57 Channels (and nothin’ on) Clarence Clemons: Who Do I Think I Am

Clarence Clemons: Who Do I Think I Am paints a portrait of an artist of many facets. It presents a side of Clemons not many saw or knew. It’s an intimate description of a man who searched for enlightenment and meaning.

“Believe it or not, there was life before Bruce”

This biography starts, as it should, at the beginning, talking with family and a childhood friend. We learn about his first bands and then, of course, the legendary (mythic) story about the formation of the E Street Band.

During the 90s, as the E Street Band were disbanded (among Springsteen fans commonly known as “the dark years”), Clemons divided his time and talent between Ringo Starr’s All Starr Band, his own solo work and acting jobs.

As the Rising Tour came to an end in 2003, Clemons felt like he needed a break. He then packed up his saxophone and voyaged to China, a place where not only he wasn’t recognised by the locals, but they didn’t even know who Bruce Springsteen was. In China Clemons began a spiritual exploration.

“To find yourself you have to know yourself” – Clarence Clemons

Sadly, Clemons passed away during the making of the film, changing its intended purpose [which was the film’s intended purpose?] into a journey throughout his life and that makes the film feel more of an eulogy than I had expected.

One cool thing about the film is that all the archive footage are presented in colour whereas the current interviews, with friends, family, colleagues, and Clarence himself, are in black and white. Again, questions are raised. Why is the film presented that way?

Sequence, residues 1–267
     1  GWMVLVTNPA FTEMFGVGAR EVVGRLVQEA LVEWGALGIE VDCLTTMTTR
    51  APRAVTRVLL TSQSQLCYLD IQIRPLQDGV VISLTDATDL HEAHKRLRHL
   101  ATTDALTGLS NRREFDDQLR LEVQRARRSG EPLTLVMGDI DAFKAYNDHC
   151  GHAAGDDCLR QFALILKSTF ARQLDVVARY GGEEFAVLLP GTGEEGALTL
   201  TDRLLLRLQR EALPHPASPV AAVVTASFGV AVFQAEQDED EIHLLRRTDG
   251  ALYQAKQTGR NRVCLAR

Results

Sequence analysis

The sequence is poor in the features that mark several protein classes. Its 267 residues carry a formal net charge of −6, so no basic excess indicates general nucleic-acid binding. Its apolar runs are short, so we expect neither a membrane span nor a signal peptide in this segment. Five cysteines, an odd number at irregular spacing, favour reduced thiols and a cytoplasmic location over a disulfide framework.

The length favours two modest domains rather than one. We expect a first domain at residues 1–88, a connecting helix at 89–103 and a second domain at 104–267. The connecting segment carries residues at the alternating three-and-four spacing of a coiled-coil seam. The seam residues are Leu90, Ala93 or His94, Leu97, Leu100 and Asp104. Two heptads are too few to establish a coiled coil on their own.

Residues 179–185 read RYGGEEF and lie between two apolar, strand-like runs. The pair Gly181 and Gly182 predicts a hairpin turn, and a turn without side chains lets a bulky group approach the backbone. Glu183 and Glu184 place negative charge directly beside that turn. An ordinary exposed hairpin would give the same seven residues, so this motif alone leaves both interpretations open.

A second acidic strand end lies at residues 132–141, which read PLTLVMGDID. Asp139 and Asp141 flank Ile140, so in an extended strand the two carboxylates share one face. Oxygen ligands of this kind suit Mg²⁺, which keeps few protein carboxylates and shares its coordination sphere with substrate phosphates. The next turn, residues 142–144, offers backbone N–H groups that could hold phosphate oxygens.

I definitely recommend fans of Clarence Clemons and Bruce Springsteen to see this film. However, although it had beautiful moments, parts of it are a bit slow and mellow and although there were many contributors to the film (Nils Lofgren, Vini Lopez, old childhood friends, Temple of Soul band members, Bill Clinton and family members (including Jake Clemons)), the absence of Springsteen from any participation in the film save for an ending card with a quote from him, seems a bit odd.

“Losing Clarence was like losing the rain” – Bruce Springsteen –

During the credits, appropriatley, Nils Lofgren’s Miss you “C” is played. The song was written in tribute to Clarence Clemons. Originally though, the song was a tribute to Ray Charles called “Thank You Ray,” but after Clemons passed away, Lofgren reworked it.

One comment

  1. Great review.
    Maybe the filmmaker wanted the people seeing Clarence Clemons as an individual and not as the Big Man who’s standing next to Scooter.
    And I remember that Bill Clinton is a hobby-saxophonist.

    Greetings from Vienna, AT.

    Liked by 1 person

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